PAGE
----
Last Updated Aug 12, 2011 12:21 PM EDT
But I am not in that camp. I think things will improve. But that doesn't mean folks shouldn't plan for the worst. Right now, the average length of unemployment is around 40 weeks and the average job search takes over eight months. With this in mind, folks need to buckle up and check the strength of their financial safety nets.
So, over the next few days, I'll write about some of my financial moves to be prepared and soften the blow if the economy takes a dip again.
Build a Cash Cushion
With the average length of a job search today measuring a bit over eight months, building and maintain a sizable cash stock pile is critical. And a job search could take even longer if you are employed in a sector that's in turmoil. You also may need more time to shift your skills to a career with more opportunity. For this reason it's important to have at least six to eight months of cash on hand. You may want to err on the high side of this if you are the sole income earner or self employed. Consider these moves to increase your cash cushion:
Decrease your 401(k) plan contributions to the minimum required to collect your employer's company match (typically six percent of your pre-tax pay). The increase in net pay should be used to build up your emergency fund.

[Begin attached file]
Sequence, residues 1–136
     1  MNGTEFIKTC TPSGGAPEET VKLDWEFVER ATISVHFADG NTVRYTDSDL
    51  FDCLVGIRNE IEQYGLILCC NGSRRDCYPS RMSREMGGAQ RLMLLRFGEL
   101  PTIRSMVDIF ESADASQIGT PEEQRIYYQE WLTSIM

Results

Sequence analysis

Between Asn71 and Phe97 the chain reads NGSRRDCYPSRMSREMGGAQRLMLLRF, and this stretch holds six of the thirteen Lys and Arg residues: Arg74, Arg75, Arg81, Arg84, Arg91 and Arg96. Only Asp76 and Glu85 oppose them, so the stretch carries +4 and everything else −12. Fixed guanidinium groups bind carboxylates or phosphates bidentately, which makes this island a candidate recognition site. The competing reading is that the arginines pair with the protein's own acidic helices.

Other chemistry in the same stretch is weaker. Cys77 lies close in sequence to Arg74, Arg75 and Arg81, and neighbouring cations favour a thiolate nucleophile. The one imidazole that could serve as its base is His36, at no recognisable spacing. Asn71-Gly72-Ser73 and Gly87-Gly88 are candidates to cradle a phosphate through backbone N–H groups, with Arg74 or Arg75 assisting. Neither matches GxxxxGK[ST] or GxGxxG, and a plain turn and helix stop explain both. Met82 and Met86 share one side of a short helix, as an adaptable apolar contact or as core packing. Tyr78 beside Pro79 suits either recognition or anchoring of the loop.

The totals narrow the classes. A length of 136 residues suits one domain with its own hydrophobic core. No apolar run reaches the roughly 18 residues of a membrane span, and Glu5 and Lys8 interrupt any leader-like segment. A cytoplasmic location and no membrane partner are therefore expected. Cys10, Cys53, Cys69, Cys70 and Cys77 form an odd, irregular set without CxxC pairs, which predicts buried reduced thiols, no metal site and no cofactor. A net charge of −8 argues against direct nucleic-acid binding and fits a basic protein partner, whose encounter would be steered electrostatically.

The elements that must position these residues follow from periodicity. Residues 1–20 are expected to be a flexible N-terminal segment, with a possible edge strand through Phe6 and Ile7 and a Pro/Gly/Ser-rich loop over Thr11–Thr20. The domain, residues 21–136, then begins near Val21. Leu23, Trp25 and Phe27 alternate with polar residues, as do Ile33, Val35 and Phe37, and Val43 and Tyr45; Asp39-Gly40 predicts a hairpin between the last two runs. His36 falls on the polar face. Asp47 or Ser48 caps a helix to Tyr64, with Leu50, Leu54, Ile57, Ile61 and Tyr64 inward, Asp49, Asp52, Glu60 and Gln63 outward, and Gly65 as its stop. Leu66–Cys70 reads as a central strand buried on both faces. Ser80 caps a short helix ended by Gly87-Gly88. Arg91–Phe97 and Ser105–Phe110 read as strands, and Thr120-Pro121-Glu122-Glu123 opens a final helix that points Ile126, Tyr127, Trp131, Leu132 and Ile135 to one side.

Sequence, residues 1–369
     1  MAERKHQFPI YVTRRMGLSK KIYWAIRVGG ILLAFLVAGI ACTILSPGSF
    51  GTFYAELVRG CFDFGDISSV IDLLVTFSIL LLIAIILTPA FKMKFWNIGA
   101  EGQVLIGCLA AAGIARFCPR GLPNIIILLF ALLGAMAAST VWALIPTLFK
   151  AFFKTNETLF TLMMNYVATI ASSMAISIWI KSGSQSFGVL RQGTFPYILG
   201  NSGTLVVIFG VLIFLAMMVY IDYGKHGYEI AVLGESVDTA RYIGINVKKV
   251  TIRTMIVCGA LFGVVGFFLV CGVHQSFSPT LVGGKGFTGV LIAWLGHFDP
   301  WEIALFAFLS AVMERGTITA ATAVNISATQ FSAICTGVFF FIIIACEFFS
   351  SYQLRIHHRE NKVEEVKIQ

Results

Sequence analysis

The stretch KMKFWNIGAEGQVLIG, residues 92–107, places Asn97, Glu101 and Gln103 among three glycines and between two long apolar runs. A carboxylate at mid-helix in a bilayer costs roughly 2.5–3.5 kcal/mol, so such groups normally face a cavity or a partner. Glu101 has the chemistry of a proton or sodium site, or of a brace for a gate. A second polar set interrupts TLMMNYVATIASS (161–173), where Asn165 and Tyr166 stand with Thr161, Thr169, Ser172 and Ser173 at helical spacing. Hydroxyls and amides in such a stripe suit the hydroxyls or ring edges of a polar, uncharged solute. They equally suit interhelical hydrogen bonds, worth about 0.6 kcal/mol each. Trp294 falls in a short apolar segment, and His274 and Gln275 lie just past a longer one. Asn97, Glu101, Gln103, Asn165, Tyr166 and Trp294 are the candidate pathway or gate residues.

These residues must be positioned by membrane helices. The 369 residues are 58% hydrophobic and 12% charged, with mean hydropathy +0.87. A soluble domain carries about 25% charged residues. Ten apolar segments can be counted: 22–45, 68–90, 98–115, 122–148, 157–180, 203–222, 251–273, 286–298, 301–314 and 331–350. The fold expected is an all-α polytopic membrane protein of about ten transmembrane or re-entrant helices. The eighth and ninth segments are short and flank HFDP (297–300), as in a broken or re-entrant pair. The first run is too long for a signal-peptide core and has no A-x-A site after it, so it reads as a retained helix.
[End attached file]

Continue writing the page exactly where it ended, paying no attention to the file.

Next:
Eliminate all unnecessary payroll deductions, such as savings bonds or charitable contributions. Use this cash to bolster your savings.
Reduce your income tax withholding from your pay, especially if you typically receive a tax refund. Over 70 percent of all tax filers, over 95 million folks, received a tax refund each year. The average tax refund received this past tax season was over $3,100. Of course a large tax refund each feel good, but larger take-home paycheck NOW will help you to build your cash cushion more quickly.
Here's why getting a tax refund every year is not a smart thing: when you get a large tax refund, this simply means that you are having too much in taxes deducted from your pay. Since you only settle this overpayment up with the IRS once each year at tax time, you are letting the IRS keep this money as an interest free loan. Would you overpay your cable bill or over pay your rent by several thousand dollars just to ask for it back a year later without any interest? Of course not!!!
If you could use the cash instead of giving the IRS a zero percent interest loan, then reduce your tax withholding by increasing your withholding allowances, changing your withholding status or both. Here is how to do this: Complete a new Form W-4 and submit it with your employer's payroll department. Do this now so that the change will be effective for the next pay period and you can then put the additional cash in your pay to work increasing your savings.
Check back in few days when I'll write about steps to take to prepare your savings and investments.